What made the Renaissance period so great?

download report

Transcript What made the Renaissance period so great?

What made the Renaissance
period so great?
1. Oil on Canvas
Oil became the medium of choice during the
Renaissance. This new medium allowed painters
greater richness in colours and a greater ability
to simulate three-dimensional forms and
textures. This new medium revolutionized
painting. It was discovered by Northern
Renaissance artists.
Before oils the common painting medium was
“fresco”. Fresco painting is paint applied on wet
plaster.
Example of a fresco.
Example of an oil painting
2. Linear Perspective
The use of perspective created
a greater sense of realism.
Giotto was one of the first to
create the illusion of depth by
placing figures behind each
other.
Paolo Uccello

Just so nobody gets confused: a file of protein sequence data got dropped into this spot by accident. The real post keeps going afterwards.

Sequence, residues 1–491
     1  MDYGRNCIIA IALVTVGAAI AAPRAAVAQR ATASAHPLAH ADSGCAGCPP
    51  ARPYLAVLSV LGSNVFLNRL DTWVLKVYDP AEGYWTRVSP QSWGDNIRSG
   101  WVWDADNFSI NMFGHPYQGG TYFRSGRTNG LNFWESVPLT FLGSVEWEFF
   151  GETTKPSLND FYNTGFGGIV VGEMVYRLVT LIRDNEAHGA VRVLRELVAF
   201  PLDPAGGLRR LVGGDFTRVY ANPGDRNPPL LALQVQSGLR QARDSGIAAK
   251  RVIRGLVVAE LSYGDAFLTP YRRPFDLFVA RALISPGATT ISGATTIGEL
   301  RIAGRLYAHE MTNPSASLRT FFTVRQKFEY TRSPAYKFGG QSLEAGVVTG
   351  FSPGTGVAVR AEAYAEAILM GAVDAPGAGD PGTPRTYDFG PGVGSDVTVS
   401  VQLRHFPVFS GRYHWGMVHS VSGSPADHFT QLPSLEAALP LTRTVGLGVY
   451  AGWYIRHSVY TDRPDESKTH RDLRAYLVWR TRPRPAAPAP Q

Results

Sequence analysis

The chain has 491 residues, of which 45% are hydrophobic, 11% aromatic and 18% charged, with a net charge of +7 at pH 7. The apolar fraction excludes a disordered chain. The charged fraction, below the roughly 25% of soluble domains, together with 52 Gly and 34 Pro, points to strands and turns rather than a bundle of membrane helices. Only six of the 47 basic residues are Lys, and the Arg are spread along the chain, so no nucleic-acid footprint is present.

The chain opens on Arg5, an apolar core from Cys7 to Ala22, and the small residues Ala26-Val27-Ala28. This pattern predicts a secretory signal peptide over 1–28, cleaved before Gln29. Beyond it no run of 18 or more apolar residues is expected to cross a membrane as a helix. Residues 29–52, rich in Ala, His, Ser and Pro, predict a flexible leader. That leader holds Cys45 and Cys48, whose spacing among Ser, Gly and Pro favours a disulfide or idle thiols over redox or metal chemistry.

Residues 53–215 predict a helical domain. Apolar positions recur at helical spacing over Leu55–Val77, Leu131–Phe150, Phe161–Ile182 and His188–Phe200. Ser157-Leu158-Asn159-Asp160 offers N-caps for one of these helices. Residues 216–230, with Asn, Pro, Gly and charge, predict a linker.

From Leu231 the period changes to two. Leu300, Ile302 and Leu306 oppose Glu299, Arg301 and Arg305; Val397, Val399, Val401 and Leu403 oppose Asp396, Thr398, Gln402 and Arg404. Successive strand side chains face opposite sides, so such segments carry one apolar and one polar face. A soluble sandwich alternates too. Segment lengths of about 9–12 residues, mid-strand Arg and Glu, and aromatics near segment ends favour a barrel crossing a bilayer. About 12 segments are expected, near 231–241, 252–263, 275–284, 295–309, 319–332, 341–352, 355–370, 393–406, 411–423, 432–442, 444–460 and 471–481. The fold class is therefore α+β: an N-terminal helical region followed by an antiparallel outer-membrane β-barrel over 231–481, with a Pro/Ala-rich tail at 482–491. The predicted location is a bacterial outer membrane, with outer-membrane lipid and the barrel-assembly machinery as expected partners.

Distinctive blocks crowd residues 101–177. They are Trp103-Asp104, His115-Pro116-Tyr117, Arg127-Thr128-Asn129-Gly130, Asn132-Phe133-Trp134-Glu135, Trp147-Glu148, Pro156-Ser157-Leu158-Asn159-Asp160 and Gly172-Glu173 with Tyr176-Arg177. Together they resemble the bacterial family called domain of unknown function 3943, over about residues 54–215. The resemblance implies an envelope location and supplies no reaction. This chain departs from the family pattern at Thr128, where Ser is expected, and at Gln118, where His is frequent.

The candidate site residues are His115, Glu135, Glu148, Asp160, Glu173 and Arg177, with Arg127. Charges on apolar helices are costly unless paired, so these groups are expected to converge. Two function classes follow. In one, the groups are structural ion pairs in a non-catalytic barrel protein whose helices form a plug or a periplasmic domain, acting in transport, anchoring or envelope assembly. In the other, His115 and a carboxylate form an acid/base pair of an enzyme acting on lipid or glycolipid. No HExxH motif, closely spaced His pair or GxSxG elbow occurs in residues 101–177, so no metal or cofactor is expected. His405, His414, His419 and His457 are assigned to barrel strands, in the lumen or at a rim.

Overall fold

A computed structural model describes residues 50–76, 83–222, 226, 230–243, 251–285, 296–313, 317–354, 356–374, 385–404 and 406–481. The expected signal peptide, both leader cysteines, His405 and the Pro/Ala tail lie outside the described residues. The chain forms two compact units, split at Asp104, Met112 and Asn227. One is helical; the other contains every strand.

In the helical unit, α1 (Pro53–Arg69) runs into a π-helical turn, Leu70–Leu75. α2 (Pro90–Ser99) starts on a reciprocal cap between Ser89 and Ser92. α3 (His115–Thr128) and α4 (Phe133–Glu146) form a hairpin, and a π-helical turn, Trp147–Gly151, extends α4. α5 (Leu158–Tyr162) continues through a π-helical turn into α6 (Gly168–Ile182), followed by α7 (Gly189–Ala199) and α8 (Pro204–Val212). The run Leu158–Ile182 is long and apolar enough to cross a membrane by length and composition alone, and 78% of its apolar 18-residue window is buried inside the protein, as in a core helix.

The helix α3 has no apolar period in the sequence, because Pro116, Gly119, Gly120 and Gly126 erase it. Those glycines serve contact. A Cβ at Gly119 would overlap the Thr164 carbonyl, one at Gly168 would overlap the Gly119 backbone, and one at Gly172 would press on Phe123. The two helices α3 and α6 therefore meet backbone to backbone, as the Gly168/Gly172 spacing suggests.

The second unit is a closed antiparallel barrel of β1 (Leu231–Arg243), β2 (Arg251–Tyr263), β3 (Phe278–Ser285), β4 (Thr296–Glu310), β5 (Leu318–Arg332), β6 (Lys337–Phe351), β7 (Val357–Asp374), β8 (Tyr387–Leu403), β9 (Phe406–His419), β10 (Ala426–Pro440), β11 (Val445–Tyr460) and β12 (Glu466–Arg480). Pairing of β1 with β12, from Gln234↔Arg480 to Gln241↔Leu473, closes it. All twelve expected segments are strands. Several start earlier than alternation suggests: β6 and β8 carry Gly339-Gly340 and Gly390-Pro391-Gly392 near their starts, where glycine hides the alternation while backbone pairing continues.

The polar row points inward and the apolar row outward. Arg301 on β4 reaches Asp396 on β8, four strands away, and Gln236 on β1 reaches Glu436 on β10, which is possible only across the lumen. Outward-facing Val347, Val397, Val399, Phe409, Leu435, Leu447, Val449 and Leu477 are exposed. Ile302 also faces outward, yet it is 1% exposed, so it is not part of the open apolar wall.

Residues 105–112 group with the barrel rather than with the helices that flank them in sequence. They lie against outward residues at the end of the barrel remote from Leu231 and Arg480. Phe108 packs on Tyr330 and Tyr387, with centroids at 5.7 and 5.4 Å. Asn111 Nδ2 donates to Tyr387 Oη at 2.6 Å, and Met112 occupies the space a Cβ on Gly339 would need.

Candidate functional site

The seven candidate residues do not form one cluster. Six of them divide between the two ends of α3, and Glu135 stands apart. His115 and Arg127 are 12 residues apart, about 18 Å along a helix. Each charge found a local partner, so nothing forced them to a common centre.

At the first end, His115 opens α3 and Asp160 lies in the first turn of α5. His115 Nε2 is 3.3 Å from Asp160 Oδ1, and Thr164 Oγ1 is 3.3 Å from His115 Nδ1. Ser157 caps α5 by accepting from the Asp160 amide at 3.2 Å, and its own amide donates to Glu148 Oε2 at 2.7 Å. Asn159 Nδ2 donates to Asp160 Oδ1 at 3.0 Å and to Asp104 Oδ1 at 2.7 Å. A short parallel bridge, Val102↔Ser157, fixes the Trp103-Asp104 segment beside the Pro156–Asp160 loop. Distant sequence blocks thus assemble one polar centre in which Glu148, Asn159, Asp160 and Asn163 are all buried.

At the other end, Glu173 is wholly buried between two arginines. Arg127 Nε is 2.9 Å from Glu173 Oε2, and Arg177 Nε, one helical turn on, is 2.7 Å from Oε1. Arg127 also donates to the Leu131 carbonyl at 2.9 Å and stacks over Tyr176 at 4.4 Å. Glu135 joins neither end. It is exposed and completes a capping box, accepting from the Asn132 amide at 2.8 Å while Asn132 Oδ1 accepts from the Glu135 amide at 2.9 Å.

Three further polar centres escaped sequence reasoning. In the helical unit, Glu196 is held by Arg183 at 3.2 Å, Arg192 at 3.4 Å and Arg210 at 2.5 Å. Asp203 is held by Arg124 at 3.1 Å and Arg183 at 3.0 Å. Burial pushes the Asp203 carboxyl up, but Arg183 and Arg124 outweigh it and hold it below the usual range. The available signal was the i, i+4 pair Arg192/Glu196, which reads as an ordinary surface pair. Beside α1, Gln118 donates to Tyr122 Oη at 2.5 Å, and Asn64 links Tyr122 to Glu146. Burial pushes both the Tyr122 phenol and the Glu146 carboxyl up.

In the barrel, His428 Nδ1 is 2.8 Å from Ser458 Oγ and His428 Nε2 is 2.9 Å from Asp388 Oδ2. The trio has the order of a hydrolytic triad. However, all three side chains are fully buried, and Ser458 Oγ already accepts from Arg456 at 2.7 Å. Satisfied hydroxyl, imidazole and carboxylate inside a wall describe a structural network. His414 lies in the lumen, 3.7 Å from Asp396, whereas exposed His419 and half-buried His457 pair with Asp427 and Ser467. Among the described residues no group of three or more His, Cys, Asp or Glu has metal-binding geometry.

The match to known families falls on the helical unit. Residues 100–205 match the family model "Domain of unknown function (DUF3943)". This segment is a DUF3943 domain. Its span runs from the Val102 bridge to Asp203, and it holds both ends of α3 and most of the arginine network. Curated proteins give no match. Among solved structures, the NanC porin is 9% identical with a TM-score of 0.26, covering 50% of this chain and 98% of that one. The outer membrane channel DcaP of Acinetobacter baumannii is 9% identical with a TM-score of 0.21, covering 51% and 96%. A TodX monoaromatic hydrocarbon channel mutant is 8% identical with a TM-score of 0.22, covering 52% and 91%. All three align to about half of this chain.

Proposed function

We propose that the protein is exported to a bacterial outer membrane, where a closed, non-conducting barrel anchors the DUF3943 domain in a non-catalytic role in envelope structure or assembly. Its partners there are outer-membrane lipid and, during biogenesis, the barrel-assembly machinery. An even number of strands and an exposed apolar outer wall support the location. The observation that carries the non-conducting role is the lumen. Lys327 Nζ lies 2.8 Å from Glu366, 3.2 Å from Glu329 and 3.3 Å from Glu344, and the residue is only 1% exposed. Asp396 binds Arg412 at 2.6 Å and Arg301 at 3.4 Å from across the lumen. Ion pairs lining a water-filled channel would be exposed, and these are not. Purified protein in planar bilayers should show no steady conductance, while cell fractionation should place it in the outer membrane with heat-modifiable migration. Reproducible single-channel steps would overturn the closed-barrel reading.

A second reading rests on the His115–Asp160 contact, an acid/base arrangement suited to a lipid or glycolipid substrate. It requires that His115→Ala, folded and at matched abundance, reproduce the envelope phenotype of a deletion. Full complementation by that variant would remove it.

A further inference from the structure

Massaccio
The Holy Trinity
3. Chiaroscuro
A word borrowed from the Italian
language meaning (“light” & “dark”).
It refers to the modeling (adding
values) of shapes in your image by
adding strong light and dark areas.
This creates high contrast and an
intense emotion.
This was one method of strengthening
the illusion of depth on a twodimensional surface, and was an
important topic among artists of the
renaissance.
4. Pyramid Configuration
(a.k.a. triangular composition)
- a method of visually
organizing your composition in
a triangle to create a sense of
harmony.
5. Sfumato
A “smokelike haziness” – In painting, the
technique of slight blurring of the edges
of figures and objects, creating a hazy
feeling and ariel perspective. It is best
known in the paintings of the Italian
Renaissance artist Leonardo da Vinci.
The sfumato technique creates the
illusion of depth.
Also known as: ariel perspective or
atmospheric perspective
Example of Sfumato.
Leonardo da Vinci
Virgin of the Rocks
6. Contrapposto
A technique of sculpting (or painting) a
human figure in a pose that shows the
weight of the body in balance. With weight
on one leg, the shoulders and hips
counterbalance each other in a natural way
so that the figure does not fall over.
Developed in the late Greek period. Very
popular during the renaissance because it
reflected a natural pose.
Example of Contrapposto
Michelangelo
David